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What is water hammer and how do I fix it?
Water hammer in a shower valve is a phenomenon characterized by a sudden and loud banging or hammering noise that occurs within the plumbing system. This noise is a result of an imbalance of pressure in hot and cold water supply, typically caused by various factors within the shower valve. Here's a more detailed explanation of how water hammer occurs in a shower valve and how it can be resolved:
Balancing Pressure with Service Stops
Inside a shower valve, there are service stops that are designed to control and balance the flow of hot and cold water. These service stops regulate the amount of water flowing from the hot and cold water supplies into the shower, ensuring that the temperature and pressure are properly balanced. When these service stops are functioning correctly, they maintain equilibrium in the water pressure.
Over time, debris such as mineral deposits, rust, or sediment from the water supply can accumulate in the service stops. This buildup can obstruct the flow of water through the stops, causing a disruption in the balance of pressure between the hot and cold water supplies. As a result, the water flow becomes erratic and may lead to water hammer.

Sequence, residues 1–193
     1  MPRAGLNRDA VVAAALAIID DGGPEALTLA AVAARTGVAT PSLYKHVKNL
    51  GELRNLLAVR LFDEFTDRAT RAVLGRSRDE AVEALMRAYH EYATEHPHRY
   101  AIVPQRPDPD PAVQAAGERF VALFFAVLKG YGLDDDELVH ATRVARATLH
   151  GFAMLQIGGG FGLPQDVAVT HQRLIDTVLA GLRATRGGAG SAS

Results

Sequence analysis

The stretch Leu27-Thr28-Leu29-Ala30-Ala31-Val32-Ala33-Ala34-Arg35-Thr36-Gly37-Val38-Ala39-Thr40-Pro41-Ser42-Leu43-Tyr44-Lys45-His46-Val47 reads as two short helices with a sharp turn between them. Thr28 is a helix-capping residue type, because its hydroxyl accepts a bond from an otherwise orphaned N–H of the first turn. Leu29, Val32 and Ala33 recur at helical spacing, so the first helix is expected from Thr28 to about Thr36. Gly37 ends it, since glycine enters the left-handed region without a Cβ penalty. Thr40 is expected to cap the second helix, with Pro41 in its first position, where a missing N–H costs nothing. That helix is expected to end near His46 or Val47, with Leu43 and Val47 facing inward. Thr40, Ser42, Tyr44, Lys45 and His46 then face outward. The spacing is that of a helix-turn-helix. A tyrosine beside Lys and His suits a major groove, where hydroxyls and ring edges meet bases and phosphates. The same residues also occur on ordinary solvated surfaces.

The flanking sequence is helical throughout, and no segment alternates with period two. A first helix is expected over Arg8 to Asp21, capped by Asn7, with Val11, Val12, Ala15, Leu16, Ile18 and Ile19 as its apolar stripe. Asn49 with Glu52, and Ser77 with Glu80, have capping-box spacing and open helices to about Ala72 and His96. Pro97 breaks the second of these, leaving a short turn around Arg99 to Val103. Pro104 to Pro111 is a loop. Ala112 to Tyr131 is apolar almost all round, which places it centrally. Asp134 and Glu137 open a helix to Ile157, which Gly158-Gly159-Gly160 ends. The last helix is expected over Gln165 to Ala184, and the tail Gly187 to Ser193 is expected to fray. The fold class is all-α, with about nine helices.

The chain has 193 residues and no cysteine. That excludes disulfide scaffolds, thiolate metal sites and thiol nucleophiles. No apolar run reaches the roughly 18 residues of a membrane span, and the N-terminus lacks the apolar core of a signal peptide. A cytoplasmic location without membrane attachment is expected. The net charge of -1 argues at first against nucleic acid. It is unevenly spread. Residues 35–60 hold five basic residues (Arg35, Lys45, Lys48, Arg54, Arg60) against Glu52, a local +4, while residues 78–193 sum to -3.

Imbalance of Pressure
When the debris obstructs the service stops, it can either restrict the flow of water or allow too much water to pass through one side (hot or cold), creating an imbalance of pressure within the plumbing system. This pressure imbalance can cause sudden and forceful water movements within the pipes, resulting in the characteristic banging or hammering noise known as water hammer.
To resolve water hammer issues in a shower valve, follow these steps:
Shut off the Water: Turn off the water supply to the shower to prevent any further water flow.
Inspect the Service Stops: Remove and examine the service stops to identify any visible debris or buildup. It's crucial to ensure they are clean and free from obstructions.
Cleaning with White Vinegar: If you find debris, remove the service stops and soak them in white vinegar for 12-24 hours. Vinegar helps dissolve mineral deposits and other accumulated debris. After soaking, rinse them thoroughly to remove any remaining residue.
Reinstallation or Replacement: Once the service stops are clean, reinstall them into the shower valve. Make sure they are tightly secured. If the service stops are damaged or cleaning doesn't resolve the issue, consider replacing them with new ones.
Turn Water Supply Back On: Finally, turn the water supply back on and test the shower to ensure the water flow is balanced, and there is no more water hammer noise.
Regular maintenance and cleaning of your shower valve's service stops can help prevent water hammer issues and ensure proper water pressure and temperature control in your shower.